With the explosion of interactive data visualisation, the inaccurate use of it to emphasise a certain aspect of a certain story brings mistrust to the message that is to be communicated. In that aspect, it is very important to ensure the appropriate care for the data visualisation used and how it is presented to the reader. The Evergreen Data’s “Data Visualization Checklist” can surely help the appropriate communication of the results highlighted by AI algorithms on the data. Also, the appropriate choice of the data visualisation to show a particular result can be key, and a simple runthrough the Data Visualisation Catalogue can help. It is also noticeable that sometimes great data visualisation can be used to manipulate the information that is communicated, and to avoid that we should bring to the AI literacy a great deal of data visualisation awareness. In recent years, there has been a growing concern about the impact of fake news on public opinion and democracy, with the potential to cause significant harm. Also in this context, AI is emerging as a potential solution to the problem of fake news, deconstructing manipulated images and videos (see the excellent work done by Euronews), as well as misleading headlines and clickbait.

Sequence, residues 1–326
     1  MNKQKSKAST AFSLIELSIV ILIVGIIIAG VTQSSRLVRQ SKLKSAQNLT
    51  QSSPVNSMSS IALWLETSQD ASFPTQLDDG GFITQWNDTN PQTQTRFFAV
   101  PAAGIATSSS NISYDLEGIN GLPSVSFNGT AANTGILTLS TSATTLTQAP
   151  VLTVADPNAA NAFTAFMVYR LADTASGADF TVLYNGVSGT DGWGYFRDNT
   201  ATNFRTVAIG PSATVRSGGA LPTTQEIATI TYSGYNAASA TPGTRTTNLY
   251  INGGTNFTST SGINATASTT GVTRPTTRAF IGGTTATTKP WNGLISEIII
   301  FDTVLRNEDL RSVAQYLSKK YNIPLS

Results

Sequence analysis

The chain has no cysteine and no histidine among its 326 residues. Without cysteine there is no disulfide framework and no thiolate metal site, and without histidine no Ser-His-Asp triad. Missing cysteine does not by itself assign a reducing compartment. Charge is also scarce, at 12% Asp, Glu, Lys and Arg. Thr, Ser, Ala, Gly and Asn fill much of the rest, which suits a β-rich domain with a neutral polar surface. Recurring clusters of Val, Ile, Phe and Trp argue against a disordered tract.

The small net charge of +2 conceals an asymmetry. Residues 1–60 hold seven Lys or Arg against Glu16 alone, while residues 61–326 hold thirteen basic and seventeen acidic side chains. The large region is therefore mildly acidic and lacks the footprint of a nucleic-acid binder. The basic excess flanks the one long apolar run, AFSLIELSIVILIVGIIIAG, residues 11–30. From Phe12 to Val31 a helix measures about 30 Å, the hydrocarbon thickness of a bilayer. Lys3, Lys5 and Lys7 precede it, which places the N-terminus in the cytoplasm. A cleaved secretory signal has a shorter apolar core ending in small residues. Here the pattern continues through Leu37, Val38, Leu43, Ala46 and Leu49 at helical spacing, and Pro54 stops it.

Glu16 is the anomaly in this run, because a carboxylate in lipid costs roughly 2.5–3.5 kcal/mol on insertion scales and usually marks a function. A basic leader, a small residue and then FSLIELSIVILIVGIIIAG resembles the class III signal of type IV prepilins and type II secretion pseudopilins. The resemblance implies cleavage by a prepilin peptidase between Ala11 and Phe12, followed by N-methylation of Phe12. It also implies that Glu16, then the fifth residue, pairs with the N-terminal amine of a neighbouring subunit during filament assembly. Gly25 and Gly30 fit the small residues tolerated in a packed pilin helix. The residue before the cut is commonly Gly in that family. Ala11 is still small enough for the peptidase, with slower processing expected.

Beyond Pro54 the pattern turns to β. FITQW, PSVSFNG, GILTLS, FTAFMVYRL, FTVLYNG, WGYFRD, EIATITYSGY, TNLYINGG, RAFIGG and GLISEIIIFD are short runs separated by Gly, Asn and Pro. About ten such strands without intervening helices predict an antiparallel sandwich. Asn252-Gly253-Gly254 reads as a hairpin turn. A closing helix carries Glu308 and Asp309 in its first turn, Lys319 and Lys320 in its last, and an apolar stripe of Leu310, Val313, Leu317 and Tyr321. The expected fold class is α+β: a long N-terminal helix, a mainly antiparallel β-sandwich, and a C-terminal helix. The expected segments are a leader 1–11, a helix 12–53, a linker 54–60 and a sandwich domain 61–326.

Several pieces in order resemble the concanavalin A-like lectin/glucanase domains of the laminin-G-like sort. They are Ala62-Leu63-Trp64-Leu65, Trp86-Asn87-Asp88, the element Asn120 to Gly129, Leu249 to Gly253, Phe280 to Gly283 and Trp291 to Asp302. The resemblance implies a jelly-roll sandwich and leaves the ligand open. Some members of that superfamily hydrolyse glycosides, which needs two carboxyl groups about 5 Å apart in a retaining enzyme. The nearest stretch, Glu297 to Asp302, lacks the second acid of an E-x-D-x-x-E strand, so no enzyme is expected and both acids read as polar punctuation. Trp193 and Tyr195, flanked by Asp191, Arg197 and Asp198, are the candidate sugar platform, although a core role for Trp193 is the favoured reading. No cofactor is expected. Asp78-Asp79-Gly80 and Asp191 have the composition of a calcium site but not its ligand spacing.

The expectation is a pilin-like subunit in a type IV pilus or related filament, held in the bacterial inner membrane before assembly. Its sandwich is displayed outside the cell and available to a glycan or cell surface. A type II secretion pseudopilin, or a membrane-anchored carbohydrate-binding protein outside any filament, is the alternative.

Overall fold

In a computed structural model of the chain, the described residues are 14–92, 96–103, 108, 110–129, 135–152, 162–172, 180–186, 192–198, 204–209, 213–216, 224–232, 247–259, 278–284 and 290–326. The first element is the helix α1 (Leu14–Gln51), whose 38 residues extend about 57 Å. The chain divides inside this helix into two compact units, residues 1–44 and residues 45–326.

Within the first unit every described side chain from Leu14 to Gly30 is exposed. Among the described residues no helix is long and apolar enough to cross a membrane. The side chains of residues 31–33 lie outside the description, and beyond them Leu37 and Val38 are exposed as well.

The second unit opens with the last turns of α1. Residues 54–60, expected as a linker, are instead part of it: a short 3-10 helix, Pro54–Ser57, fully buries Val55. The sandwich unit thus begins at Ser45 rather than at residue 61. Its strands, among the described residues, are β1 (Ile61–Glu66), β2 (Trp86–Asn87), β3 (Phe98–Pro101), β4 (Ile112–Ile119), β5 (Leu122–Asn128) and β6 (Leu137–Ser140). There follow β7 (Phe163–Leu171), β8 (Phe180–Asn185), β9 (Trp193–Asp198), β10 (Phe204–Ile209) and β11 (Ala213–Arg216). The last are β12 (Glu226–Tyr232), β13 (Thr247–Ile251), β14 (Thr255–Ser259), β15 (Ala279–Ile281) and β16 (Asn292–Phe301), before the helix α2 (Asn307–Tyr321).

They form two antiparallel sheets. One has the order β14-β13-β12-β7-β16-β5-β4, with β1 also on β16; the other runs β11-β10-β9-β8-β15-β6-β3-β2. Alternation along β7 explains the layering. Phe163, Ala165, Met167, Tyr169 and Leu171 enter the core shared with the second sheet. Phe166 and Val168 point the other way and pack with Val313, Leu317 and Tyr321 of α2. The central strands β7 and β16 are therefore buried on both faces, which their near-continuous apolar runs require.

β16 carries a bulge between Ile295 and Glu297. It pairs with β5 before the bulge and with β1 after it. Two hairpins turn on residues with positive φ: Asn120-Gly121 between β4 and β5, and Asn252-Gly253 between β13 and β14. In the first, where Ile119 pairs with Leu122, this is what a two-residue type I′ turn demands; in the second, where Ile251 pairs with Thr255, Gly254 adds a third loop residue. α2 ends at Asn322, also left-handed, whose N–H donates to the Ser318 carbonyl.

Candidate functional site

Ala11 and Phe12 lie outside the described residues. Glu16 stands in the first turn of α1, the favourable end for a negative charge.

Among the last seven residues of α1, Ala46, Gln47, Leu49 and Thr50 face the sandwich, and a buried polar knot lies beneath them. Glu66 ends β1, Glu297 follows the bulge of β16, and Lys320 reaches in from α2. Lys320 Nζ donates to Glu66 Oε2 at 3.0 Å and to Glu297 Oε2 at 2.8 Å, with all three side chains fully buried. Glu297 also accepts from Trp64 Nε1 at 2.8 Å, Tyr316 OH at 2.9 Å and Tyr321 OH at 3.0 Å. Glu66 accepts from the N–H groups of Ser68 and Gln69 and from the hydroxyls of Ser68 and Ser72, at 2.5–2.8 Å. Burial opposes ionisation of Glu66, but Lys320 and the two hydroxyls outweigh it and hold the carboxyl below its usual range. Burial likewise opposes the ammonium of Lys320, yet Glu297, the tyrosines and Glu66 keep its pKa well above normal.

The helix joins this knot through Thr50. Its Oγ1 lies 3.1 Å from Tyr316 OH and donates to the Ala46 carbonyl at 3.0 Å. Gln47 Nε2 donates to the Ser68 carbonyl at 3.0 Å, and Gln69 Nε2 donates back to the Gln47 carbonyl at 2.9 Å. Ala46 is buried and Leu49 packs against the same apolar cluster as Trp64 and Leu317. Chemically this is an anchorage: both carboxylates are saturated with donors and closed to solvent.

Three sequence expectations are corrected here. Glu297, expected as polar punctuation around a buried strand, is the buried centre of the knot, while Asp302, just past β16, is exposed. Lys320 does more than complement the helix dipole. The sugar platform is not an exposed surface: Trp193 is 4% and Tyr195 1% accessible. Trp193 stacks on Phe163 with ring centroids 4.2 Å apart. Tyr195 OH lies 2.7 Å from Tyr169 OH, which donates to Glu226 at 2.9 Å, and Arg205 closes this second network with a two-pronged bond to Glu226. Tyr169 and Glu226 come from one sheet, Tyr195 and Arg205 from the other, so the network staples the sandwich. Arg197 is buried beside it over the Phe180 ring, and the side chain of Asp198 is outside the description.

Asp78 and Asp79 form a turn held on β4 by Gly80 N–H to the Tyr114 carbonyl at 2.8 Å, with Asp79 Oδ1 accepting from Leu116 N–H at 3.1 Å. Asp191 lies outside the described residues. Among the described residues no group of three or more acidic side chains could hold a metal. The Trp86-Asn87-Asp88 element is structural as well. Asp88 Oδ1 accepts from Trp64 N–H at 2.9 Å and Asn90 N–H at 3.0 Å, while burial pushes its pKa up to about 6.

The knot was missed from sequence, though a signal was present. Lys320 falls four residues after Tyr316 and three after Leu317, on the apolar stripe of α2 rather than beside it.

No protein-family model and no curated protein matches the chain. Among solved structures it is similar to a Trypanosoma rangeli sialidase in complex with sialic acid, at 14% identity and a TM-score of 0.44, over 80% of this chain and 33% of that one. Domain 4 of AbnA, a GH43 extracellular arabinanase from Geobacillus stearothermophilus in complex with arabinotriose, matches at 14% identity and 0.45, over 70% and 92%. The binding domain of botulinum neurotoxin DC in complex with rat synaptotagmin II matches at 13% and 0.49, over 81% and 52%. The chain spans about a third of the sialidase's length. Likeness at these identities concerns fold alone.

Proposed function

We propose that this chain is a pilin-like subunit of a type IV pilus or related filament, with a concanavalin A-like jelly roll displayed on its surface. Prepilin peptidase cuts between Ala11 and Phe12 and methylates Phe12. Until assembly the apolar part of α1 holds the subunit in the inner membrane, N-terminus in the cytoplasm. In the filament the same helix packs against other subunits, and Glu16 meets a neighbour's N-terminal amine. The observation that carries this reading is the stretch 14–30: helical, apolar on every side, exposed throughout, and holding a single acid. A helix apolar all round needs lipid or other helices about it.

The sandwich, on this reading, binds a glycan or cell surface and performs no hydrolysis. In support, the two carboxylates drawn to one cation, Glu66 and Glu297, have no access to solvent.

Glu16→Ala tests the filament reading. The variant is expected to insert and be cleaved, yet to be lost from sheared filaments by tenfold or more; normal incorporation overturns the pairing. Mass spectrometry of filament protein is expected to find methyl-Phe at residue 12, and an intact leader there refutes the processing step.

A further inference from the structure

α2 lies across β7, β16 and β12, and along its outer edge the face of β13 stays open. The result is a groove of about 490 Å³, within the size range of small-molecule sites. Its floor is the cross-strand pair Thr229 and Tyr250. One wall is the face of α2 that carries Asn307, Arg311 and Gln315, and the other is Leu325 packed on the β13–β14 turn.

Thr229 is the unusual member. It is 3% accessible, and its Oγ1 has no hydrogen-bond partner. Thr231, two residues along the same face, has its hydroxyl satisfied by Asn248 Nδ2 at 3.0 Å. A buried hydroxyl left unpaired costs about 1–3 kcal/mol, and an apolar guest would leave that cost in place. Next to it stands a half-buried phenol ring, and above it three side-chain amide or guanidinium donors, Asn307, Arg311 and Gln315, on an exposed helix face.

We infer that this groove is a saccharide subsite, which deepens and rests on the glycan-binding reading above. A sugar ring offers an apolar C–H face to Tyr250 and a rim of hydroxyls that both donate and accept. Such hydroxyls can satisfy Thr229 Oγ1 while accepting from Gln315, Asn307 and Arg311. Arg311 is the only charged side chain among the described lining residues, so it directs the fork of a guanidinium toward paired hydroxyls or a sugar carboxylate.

And as AI can profit of sophisticated data visualization for communicating the intricacies of its methods and outputs to non-technical audiences, AI can also be used to improve the data visualisation in itself. By presenting complex data sets in a clear and accessible manner, data visualization can be enhanced by the optimisation of the information provided, releasing the weight of information to showcase by learning trends in the data. It can also improve the efficiency of the real-time frequency of the data exposure, reducing the lag and improving the data discovery process. It can also improve the granularity of the insights found in the data, exploring a more complex connection between large datasets. With the exponential increase of the applications of AI, there is also an increase in its data visualisation use cases (as nicely discussed at the towardsdatascience.com), including finding outliers and anomalies, hyperparameter tuning, model performance evaluation, validating model assumptions, or in selecting the most important features and identifying patterns and correlations between features.
AI and data visualisation are a match made in data heaven, creating a symbiotic relationship that empowers organisations to navigate the complexities of big data. As this powerful union continues to evolve, we can anticipate even more transformative applications in industries worldwide, enabling us to harness the full potential of data and make informed decisions that drive progress, and helping to enhance the credibility of AI and improve public understanding of its capabilities. Tell us your opinion about this topic! Share your view on the topic of AI and data visualisation.